is the design of kevin kennedy

Paging Dr. Page

I’ve been thinking about paging lately. We consistently access sites with mountains of content, and while search is a good way to find specific items, page browsing is still useful if you don’t know exactly what you’re looking for.

In my quest to understand paging, I thought it best to first break down some of the different methodologies that have emerged over the years.



This is a method very popular with blogs and sites with blog-like structures. There is no visual cue given to the user in terms of where they are in the overall page structure, or how many times they might have to click “next” to reach the end of it.

This method is simple, but it is not without its merits. Because sites that use this navigation tend to focus on timely content, the majority of valuable information will all be contained within the first couple of pages. Beyond that, the user would be delving into content that may be older and less relevant. Also, it doesn’t take up much space.



Here the user is shown only one block of numbers at a time, and they are able to traverse the site in sets of pages. For example, once the user gets to page 10, then 11 through 20 become visible. Once they get to 20, 21 through 30 become visible, and so in, in sets.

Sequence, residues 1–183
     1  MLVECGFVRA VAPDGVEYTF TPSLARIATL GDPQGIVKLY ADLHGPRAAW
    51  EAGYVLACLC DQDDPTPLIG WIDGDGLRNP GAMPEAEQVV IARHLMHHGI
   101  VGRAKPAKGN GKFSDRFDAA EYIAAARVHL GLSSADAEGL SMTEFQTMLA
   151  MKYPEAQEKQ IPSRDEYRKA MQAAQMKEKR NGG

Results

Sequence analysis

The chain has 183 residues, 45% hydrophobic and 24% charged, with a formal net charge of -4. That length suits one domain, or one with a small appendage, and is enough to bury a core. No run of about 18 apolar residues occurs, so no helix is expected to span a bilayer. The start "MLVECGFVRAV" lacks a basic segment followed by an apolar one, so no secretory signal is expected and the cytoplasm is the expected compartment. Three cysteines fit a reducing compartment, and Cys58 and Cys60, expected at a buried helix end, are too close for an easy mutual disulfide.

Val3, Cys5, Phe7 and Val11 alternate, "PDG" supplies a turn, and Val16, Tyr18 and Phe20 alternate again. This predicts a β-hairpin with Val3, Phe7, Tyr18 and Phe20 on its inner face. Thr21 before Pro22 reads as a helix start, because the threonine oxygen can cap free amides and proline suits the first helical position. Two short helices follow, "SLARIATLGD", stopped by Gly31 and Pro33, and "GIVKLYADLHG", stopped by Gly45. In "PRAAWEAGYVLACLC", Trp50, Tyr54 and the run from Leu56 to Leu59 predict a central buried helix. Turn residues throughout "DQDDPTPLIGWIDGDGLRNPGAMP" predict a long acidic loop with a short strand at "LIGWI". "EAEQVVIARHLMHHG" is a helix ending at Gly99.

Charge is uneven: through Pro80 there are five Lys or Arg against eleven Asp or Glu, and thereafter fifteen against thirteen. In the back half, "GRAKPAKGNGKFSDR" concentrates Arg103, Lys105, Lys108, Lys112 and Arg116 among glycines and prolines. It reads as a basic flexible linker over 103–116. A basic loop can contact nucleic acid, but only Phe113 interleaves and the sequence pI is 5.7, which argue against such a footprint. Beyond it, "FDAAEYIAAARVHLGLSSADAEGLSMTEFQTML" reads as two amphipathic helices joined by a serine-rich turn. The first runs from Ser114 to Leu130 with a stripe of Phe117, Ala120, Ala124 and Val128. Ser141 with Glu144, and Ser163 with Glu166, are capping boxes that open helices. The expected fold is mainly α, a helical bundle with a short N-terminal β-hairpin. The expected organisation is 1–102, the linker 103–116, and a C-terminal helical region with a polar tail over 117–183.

This method is easy to code, simply count up a certain number of pages from the current page, then display. The drawback here is that sets don’t let you see where you immediately just were. When we reach the end of one set, we jump into another, and there is no sense of where those last pages went. The impression given to the user is that paging has started over.

Hidden Numbers


In this scenario, numbers in-between the current set and the very last bit of numbers are hidden. This pattern eliminates the need for a “last” button in the page navigation, and it also clearly shows the user how many pages there are in total.

One drawback of this approach is that the ellipses serve no function other than to show numbers are missing, and to visually prevent an abrupt jump from 7 to 18.

What I mean by that is, if I were to try and click on the ellipses, nothing would happen, they’re just text. Even if I were, where would I jump to? The next set of numbers? The last set? A set exactly in the middle? With this approach I appreciate the elegance of showing the very last (or even first) set of pages, but I don’t like the idea that pages in the middle get lost completely.



In this mode, after the first set and before the last set, the current page is kept in the middle of the navigation. The user is then presented with a set number of pages before and after the current page.

I like this approach because it assumes that often times a user will want to jump forward or back only a couple of pages. Rarely do we need to jump right to the end or the beginning, but rather a couple ahead or behind to find that thing that caught our eye. I also appreciate that this approach gives the user a sense of place within the page navigation.

What this approach lacks is a way to jump to the end or the beginning easily. A potential solution there is including a “first” and “last” link in addition to the requisite “next” and “previous” page buttons that I have withheld from my diagrams.

The methods I’ve outlined here avoid things like drop-down menus or javascript. I may investigate those options at some other time, but the goal here was to outline some of my thinking for what I consider to be the core considerations of page navigation: a sense of place, utility, and ease of use.